The left-wing press had exercised new muscles with its portrayal of Richard Nixon. He was despised since he defeated Helen Gahagan Douglas for Senate in 1950. Eisenhower had run a fairly steady administration and attacking a war hero was a bridge too far, so Vice President Nixon became the deflection point for Democrats. Their brag—that they had defeated their nemesis with stage lighting during the 1960 presidential debate—is, at best, a half-truth. Kennedy had come across as unprepared and high-pitched. This was especially blatant to the then much larger radio audience. But never mind. Simple old-timey political shenanigans had done the real job in Richard Daley’s Chicago. The press simply ignored that theft of votes as if it did happen.
The “third-rate burglary” that was the Watergate break-in was not the beginning of collusion between the darker forces of the FBI, CIA, and the deep state. But it was, until recently, certainly the most successful. A popularly elected president was brought down, and the press was truly ascendant. Wannabe journalists now looked to Watergate as their touchstone. And, indeed, it was.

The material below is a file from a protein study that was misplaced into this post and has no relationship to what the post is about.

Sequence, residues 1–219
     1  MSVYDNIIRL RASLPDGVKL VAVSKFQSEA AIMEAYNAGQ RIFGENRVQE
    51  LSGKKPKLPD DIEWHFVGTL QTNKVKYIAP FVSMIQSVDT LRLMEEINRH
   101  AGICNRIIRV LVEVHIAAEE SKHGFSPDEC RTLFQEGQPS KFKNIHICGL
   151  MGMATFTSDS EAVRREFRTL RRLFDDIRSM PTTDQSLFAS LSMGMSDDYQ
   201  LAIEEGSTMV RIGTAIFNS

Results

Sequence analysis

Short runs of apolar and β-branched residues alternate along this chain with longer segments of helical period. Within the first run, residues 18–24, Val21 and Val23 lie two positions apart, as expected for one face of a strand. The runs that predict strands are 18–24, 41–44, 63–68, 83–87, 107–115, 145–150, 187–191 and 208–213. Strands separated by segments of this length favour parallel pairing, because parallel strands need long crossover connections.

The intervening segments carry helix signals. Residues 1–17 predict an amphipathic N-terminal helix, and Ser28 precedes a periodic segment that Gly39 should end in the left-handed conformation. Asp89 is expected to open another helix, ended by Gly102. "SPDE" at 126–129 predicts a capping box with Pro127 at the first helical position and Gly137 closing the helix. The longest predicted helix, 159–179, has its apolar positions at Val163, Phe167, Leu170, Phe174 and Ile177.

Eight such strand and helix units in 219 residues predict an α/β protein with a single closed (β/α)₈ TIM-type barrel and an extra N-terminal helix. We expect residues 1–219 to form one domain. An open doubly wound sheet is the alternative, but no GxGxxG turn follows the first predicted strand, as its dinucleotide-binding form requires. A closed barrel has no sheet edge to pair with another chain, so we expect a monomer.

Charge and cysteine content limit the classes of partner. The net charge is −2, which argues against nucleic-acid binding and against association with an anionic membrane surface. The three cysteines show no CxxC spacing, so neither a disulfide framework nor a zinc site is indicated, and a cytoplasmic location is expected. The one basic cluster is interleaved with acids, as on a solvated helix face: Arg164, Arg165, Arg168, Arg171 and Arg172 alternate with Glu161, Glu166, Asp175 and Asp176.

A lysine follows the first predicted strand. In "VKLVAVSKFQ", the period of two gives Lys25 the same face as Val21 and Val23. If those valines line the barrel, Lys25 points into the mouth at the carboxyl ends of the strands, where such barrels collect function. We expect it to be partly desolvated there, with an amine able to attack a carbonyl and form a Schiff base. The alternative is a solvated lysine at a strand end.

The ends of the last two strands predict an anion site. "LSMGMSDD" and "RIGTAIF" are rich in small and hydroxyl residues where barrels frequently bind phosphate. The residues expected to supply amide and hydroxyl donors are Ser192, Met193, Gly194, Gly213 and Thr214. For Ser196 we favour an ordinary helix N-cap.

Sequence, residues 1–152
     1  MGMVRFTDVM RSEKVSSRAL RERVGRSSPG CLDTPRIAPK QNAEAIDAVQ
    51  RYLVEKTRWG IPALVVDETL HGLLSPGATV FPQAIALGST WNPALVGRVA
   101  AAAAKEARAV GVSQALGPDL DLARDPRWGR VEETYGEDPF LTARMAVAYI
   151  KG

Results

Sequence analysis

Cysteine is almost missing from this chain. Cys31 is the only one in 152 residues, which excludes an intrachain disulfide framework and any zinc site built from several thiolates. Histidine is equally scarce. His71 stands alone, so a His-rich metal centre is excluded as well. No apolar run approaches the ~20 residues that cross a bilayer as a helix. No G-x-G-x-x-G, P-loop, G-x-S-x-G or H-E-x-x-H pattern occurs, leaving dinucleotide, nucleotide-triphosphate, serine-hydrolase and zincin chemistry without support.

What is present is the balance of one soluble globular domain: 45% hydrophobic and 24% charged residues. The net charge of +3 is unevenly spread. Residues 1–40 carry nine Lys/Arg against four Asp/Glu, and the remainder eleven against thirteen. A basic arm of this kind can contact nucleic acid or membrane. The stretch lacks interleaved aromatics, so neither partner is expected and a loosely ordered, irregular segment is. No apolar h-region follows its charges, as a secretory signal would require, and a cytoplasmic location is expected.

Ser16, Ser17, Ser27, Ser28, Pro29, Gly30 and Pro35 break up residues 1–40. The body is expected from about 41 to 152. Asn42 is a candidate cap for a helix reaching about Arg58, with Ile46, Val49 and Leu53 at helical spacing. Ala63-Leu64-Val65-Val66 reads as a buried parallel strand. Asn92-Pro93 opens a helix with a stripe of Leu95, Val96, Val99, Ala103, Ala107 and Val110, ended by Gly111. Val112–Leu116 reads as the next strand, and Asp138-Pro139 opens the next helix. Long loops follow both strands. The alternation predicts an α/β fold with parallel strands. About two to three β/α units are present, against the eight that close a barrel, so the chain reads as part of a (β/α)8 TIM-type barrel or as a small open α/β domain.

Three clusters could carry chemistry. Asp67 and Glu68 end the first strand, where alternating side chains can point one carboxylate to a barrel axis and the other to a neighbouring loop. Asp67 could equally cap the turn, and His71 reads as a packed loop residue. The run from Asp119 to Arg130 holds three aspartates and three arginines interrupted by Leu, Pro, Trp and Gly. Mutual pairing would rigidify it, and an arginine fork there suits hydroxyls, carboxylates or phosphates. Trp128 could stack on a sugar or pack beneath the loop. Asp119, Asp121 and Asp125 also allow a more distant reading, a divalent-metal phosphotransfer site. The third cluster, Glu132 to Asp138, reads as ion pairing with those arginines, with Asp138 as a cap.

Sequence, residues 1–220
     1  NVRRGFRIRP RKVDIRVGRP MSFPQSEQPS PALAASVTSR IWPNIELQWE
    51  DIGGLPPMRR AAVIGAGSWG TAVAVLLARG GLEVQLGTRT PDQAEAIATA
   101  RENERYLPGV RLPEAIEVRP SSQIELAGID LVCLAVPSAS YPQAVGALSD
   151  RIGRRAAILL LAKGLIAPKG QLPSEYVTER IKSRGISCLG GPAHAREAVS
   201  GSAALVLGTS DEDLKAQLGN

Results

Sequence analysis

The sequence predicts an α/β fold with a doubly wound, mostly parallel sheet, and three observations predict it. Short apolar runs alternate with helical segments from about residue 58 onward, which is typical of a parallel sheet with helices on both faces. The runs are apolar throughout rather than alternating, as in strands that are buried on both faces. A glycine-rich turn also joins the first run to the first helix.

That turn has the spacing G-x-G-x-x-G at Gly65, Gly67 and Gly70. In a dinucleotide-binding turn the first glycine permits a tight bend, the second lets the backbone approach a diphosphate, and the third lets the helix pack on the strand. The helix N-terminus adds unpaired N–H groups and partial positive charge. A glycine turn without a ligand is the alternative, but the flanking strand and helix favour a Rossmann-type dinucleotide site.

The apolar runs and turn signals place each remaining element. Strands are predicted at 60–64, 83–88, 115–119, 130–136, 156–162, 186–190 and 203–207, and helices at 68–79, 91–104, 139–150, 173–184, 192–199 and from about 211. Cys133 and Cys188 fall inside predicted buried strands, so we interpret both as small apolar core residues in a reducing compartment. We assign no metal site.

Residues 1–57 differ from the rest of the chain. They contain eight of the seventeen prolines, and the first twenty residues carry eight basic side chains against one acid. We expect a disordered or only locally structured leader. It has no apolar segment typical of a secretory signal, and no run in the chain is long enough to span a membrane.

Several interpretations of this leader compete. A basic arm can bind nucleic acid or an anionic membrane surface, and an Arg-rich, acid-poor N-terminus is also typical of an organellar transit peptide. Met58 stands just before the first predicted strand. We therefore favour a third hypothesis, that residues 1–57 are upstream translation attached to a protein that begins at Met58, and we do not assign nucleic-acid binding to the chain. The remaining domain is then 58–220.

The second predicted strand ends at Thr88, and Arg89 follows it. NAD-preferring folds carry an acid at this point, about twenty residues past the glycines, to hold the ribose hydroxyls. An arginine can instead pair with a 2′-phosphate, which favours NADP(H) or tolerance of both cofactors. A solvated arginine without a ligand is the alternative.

No matter how many investigations pointed out the falsehoods, a new generation of reporters, cured in the socialist idealism of the universities instead of being out on the streets with pad and pencil, learned that the facts did not matter. Having the correct political purpose was the point.
Having learned their trade in the group dynamic of the classroom, it was understood without a need for central command, that scratching the back of authority would get one the necessary result.
From his beginnings, Donald Trump set out to create his own legend, to the frequent consternation of both friends and enemies. The inability of the press to control him or to manage his image, despite its countless attempts, is one of the still unheralded triumphs of our time. The Left was forced to use the most desperate of means, the “Chicago way,” in their outright theft of the 2020 election, in order to stop him. And the Press dutifully did their part by not reporting the obvious.
Now, with the metaphorical gun of the Left unholstered, it will not be adequate to bring a knife to the next fight. The press will report what it wants in any case. What matters is the result.